Katie Taylor, Peter Taylor
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…a spirited look at the strength of women.
In the world of professional boxing, Irish Olympic gold medallist and world titleholder Katie Taylor is as much of a champion outside the ring as she is inside it.
Training as doggedly as any other competitive boxer, Taylor, to the failure of society, is denied the equal treatment with her male contemporaries.
Exploring Taylor’s turbulent career and her fight for equality in a profession dominated by men, Ross Whitaker’s documentary Katie offers a spirited look at the strength of women.
Taylor’s rise from athletically gifted youth to world-class boxing sensation is told with loving candour. It is clear that there are no greater Katie Taylor supporters than her own family. Their deep admiration, seeping through every ounce of the film, is expressed through interviews and archival footage.
Whitaker positions boxing as a wider stand-in for gender inequity. He uses Taylor’s difficulties in accessing equal treatment through promotion and pay, to denote the systemic practices that disadvantage women. The contribution made by Taylor in campaigning for women to compete in boxing at the Olympics, an achievement not rectified until 2012, becomes a troubling example of the pace at which professional sports trails behind the times.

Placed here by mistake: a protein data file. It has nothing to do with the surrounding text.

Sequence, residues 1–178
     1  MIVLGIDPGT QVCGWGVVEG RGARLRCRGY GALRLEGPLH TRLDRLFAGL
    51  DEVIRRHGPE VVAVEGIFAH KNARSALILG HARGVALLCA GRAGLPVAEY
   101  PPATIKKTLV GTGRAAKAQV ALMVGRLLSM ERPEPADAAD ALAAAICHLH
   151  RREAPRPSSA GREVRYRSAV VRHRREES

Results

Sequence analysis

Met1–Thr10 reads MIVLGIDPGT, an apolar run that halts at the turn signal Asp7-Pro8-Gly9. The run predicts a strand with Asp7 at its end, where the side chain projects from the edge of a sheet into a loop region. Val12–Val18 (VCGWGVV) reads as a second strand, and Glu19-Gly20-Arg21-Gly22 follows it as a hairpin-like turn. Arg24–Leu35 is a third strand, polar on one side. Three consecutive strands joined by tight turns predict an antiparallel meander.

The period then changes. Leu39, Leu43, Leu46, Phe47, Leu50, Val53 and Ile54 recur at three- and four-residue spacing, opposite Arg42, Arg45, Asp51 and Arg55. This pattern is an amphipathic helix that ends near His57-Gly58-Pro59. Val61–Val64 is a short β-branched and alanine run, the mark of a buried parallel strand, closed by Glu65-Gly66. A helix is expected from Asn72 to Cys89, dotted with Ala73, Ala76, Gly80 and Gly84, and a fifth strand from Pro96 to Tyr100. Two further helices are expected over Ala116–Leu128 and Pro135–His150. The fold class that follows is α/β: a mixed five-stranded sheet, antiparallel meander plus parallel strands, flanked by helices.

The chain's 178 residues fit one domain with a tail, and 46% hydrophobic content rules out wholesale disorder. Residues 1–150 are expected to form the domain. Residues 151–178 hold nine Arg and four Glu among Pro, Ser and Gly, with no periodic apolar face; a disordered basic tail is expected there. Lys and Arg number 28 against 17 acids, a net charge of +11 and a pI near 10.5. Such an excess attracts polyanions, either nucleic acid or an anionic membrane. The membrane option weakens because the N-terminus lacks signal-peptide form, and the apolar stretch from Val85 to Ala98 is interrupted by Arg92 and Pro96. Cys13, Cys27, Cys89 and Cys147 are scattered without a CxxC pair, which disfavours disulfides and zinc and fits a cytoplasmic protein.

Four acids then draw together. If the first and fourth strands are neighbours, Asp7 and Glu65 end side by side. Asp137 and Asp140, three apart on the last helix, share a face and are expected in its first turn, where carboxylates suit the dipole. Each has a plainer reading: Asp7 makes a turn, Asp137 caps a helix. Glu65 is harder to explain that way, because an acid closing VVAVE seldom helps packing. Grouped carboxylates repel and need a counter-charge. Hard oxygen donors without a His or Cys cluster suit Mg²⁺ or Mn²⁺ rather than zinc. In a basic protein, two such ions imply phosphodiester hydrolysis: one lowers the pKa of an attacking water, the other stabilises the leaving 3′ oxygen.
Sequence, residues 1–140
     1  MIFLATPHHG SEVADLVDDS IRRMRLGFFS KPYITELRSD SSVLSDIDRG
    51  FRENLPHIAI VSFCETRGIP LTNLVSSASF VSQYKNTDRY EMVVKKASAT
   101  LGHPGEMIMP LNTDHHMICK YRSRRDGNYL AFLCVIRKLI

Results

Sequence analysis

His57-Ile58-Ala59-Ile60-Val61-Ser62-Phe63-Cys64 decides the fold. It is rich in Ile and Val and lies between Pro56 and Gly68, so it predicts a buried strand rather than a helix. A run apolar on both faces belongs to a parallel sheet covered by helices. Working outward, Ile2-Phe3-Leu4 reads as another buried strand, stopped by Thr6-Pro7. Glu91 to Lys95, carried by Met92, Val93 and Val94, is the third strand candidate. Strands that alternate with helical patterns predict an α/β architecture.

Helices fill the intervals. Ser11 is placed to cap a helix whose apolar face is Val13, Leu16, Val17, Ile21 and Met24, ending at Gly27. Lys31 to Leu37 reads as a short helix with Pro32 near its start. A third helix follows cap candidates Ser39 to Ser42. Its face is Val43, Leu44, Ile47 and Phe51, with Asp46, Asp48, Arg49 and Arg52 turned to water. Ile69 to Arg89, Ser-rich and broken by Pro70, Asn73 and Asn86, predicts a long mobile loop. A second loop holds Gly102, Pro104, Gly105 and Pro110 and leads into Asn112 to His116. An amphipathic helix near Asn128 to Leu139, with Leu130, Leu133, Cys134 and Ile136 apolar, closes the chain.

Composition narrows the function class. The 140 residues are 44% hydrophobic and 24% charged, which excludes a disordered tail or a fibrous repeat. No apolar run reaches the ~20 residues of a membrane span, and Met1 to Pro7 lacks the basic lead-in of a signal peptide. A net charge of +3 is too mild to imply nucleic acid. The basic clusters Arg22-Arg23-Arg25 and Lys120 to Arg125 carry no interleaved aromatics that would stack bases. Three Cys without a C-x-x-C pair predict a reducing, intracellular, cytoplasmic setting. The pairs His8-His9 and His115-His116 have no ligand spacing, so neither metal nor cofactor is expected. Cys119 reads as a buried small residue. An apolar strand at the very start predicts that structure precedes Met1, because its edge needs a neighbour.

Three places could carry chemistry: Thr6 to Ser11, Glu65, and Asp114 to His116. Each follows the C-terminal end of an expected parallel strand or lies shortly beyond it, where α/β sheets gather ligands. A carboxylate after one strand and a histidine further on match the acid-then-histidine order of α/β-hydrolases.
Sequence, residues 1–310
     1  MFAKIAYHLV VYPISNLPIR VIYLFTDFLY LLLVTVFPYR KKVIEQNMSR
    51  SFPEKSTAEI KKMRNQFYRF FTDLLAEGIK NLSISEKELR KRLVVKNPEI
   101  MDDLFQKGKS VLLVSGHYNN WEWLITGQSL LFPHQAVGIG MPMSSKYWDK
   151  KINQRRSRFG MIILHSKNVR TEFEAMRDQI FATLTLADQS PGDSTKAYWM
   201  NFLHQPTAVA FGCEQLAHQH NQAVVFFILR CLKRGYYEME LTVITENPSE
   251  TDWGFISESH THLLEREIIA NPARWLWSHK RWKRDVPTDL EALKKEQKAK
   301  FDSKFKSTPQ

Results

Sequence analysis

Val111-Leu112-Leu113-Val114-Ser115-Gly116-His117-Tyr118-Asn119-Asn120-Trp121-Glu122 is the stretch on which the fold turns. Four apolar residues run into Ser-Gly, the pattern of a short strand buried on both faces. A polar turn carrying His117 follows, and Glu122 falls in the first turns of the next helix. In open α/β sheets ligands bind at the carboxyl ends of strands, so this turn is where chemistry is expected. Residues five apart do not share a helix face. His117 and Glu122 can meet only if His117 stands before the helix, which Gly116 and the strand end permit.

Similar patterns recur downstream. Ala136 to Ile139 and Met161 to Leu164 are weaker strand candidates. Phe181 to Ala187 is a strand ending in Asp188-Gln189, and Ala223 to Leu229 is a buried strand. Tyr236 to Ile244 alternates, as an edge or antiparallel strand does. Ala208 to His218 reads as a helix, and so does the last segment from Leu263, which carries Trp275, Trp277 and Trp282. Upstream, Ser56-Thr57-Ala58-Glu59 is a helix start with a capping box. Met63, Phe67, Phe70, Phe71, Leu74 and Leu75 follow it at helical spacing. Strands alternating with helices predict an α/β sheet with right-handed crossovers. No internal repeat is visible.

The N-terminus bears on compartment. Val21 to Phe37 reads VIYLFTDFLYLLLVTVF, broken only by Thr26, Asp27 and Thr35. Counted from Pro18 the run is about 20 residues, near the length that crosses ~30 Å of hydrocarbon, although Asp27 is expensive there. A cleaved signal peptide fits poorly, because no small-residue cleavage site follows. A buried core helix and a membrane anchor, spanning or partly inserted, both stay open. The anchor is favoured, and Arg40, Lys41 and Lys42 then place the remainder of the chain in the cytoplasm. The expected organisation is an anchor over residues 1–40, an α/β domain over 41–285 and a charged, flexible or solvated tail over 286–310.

Katie Taylor does not need sympathy, nor does she need her struggle to be romanticised. What she demands is immediate action in the fight to have women be fairly represented in not only positions of power, but in all facets of society.
She will continue to push for this with a sheer determination in hand and an ego left at the door. Unfortunately, she just has to wait for the world to catch up with her.